Recently, Limbaugh discussed on air how he came to hijack Hynde's lament over the mallification of America ("My pretty countryside/Had been paved down the middle/By a government that had no pride"). Recalling the days when he was first firing up his show, Limbaugh noted that he tried a number of rock songs for his theme music. A few callers griped that a "conservative guy" should not be identified with a rock & roll sound. To "tweak" these fans, Limbaugh searched for "the hardest-pounding bass line" he could find and selected "My City Was Gone."

Was he aware he had picked the work of an animal rights activist and an ideological opponent?

He sure was. He relished that. "It was icing on the cake that it was [written by] an environmentalist, animal-rights wacko--and an anti-conservative song. ... It is anti-development, anti-capitalist. ... Here I am going to take a liberal song and make fun of [liberals] at the same time."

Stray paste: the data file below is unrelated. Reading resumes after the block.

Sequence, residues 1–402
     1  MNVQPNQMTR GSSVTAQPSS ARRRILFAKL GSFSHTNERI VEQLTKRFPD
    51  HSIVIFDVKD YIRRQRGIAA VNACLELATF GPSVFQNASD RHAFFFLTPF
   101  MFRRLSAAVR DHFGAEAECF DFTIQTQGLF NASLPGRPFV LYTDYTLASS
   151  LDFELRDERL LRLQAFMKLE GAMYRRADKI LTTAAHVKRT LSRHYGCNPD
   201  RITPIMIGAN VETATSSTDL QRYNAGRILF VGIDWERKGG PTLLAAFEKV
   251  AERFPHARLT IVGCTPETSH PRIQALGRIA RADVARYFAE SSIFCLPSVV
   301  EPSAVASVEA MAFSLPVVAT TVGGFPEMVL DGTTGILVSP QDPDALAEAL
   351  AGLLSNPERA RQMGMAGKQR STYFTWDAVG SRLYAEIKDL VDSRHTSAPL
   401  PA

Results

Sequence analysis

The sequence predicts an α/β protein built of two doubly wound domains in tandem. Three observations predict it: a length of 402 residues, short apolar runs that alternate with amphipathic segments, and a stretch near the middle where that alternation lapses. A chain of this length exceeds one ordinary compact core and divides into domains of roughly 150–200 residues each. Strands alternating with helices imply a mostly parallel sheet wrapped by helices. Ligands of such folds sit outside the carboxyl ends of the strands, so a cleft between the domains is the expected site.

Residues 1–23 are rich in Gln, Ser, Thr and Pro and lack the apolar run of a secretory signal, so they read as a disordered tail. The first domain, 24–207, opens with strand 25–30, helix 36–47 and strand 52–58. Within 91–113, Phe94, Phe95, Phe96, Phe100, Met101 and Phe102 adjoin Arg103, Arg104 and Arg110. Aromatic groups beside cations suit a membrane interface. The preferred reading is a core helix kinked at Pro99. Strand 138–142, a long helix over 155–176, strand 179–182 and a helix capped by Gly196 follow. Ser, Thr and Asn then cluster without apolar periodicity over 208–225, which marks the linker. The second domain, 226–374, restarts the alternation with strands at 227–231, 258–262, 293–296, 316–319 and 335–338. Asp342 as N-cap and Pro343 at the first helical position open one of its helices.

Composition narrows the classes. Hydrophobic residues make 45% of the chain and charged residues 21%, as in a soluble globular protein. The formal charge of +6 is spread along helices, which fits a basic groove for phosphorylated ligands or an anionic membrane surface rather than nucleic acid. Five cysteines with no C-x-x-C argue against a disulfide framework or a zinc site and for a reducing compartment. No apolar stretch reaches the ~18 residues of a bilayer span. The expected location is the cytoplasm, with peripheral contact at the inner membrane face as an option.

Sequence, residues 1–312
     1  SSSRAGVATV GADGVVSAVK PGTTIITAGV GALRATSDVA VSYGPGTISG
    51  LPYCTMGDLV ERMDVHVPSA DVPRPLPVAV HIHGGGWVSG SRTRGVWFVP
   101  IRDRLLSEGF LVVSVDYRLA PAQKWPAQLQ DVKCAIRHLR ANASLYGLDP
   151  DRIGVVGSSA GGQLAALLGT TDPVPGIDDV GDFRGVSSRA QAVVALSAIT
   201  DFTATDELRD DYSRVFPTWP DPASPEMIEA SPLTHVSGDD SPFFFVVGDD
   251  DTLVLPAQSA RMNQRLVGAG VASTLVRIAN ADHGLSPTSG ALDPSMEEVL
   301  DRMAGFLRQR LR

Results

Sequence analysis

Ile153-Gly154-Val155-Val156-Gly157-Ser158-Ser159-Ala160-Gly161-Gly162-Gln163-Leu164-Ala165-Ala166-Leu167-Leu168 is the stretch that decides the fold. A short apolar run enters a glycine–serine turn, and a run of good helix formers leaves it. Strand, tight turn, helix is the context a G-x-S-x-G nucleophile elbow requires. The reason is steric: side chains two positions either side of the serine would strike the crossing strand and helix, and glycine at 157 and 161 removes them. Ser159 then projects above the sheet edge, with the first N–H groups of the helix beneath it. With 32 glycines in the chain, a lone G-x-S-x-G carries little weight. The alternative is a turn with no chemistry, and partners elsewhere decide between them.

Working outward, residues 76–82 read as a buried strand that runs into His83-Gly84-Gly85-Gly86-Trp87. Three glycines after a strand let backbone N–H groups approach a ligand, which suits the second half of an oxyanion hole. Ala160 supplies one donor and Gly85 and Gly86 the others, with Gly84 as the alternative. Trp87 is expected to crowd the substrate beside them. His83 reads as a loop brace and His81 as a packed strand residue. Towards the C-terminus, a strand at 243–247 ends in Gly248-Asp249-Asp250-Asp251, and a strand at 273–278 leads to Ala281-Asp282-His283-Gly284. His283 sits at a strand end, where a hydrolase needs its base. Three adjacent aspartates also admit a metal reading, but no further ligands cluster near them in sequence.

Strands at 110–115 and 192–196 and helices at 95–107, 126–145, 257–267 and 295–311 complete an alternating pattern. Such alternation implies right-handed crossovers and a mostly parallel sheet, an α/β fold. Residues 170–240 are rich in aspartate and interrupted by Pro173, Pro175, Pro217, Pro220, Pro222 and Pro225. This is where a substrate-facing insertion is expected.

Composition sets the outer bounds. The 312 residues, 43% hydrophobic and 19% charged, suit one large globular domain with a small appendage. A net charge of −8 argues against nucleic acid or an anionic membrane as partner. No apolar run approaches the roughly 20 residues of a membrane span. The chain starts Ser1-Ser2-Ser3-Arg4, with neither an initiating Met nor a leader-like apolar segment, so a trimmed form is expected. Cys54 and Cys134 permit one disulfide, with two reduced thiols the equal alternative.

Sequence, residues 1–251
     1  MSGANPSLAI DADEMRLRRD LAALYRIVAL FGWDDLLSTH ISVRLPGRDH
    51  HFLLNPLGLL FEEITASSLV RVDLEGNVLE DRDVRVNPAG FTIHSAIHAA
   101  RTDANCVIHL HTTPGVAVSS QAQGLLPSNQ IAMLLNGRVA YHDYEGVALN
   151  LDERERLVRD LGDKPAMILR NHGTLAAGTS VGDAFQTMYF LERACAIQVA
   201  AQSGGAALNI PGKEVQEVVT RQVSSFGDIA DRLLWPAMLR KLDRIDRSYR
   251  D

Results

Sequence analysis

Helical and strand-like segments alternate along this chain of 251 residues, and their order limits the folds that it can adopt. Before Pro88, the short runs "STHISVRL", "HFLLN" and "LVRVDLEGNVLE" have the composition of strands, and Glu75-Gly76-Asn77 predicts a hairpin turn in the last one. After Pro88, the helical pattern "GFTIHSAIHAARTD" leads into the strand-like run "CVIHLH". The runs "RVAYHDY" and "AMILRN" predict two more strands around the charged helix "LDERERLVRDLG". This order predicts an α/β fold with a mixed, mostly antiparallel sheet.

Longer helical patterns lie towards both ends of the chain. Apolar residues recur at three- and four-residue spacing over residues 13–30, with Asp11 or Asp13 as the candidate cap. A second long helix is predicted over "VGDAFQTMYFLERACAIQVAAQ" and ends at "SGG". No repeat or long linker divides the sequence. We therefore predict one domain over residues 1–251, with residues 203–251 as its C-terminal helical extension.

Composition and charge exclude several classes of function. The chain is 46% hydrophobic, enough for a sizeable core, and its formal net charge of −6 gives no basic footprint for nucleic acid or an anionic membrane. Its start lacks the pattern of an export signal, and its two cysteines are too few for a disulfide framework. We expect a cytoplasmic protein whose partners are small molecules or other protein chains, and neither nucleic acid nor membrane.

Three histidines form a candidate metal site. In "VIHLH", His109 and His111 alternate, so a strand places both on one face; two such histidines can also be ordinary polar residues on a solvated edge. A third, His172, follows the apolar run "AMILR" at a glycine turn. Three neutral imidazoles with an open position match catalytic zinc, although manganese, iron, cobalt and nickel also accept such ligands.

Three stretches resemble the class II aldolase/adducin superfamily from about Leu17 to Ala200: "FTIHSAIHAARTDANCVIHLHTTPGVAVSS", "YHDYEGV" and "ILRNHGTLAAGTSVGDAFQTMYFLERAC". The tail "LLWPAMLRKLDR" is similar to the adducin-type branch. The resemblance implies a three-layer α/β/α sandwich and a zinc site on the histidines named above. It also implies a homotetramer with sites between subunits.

But Limbaugh never licensed his show's use of the song, according to Hynde and her manager, Gail Colson. Asked about Limbaugh's conscription of "My City Was Gone," several music licensing experts maintained that if a radio show adopts a recorded song as its theme, it must receive permission from the music publisher and the record label. (Labels often require approval by the artist, and Hynde, in addition, retains publishing rights to her songs.) As Kohn on Music Licensing, a prominent industry text, notes, "The making of recordings of introductory music themes ... as part of syndicated radio shows ... [requires] permission from the copyright owners."